Mississippi's infant mortality rate is steadily declining and state health officials are examining what is contributing to the lower rates. In 2005, the state's infant mortality rate was 11.4 deaths per 1000 live births. In 2012, that number dropped to 8.8. Mississippi State Health Officer Dr. Mary Currier says she is encouraged by the decline.
"Our Infant Mortality has been between nine and a little over ten deaths per thousand live births. We've been number one in the country, unfortunately for a long time now," said Currier. "This right now, is the first time that we've had an infant mortality of less than nine."
In addition to the lowest infant mortality figures ever recorded in Mississippi, the state has also seen a decline in the teen birth rate. Currier says the drop in both numbers are directly related.
"Our birth rate to teens has gone down from 50.2 per thousand 15-19 year-old girls, to 46 per thousand. We've had fewer births to teens, and our infant mortality rate among teens has decreased. Being a teenager puts at risk for having a baby that dies the first year of life."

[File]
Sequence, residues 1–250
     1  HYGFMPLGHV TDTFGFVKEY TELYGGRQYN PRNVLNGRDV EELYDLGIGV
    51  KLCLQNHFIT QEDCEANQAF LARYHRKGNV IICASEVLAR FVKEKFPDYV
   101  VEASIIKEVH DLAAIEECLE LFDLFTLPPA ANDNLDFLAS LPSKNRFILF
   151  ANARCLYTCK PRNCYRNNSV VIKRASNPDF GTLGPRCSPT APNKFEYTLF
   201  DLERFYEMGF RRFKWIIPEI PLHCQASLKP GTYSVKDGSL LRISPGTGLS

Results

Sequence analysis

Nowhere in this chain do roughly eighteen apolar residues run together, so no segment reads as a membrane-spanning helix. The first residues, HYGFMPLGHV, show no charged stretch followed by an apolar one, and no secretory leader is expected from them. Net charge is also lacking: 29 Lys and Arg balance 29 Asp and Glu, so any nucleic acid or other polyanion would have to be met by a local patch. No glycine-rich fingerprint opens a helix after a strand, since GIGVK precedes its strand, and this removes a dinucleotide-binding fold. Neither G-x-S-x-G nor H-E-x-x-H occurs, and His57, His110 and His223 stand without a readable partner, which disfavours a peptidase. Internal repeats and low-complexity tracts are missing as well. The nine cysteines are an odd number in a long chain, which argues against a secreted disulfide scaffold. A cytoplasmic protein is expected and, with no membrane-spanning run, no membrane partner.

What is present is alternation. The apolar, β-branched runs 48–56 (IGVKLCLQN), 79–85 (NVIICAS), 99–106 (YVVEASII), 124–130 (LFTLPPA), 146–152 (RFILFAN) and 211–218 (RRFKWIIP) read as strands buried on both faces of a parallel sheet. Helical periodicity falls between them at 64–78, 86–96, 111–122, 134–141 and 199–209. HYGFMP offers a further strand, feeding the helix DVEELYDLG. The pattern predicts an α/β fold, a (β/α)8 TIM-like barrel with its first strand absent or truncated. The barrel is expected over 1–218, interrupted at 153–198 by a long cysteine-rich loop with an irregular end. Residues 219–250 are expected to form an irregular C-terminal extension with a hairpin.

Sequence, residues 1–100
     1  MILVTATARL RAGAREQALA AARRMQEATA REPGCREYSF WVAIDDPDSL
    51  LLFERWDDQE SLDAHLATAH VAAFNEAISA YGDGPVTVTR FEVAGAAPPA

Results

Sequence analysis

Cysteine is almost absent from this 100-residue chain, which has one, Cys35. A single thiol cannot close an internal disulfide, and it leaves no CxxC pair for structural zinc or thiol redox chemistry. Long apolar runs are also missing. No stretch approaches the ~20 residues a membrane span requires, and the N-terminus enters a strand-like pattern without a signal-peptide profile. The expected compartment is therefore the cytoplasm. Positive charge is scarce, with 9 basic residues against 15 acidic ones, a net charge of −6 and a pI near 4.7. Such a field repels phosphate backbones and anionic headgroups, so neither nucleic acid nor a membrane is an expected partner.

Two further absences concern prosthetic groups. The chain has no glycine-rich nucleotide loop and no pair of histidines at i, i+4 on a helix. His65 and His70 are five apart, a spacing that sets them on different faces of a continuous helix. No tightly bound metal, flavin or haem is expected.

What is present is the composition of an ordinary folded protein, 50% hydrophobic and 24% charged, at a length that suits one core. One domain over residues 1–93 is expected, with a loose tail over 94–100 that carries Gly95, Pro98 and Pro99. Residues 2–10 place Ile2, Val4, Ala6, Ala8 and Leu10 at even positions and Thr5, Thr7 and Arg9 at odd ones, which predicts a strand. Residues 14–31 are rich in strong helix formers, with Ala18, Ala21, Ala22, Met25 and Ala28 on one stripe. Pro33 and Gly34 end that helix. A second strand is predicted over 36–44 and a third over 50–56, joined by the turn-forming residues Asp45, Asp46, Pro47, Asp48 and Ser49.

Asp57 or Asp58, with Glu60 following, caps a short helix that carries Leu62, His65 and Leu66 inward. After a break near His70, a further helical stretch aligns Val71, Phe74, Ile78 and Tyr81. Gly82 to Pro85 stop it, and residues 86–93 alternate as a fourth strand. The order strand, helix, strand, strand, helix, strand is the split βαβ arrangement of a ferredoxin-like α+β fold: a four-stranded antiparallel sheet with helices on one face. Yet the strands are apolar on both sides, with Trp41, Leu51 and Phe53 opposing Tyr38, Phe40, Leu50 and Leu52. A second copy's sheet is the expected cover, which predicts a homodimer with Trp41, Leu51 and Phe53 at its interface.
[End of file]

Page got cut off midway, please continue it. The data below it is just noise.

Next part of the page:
While infant mortality rates in Mississippi are still among the highest in the nation, Dina Ary with the March of Dimes says women who are pregnant can take a number steps to prevent the deaths of their children.
"Pretty basic things like eating healthy, taking folic acid, not smoking, not drinking, making sure they are getting pre-natal care." Ary says, "We even advise that women of child bearing age to be getting frequent pre-conception care. Which would mean planning your pregnancy before you ever even had a pregnancy."
Even though Mississippi's infant mortality rate is on the decline, it still remains above the national average.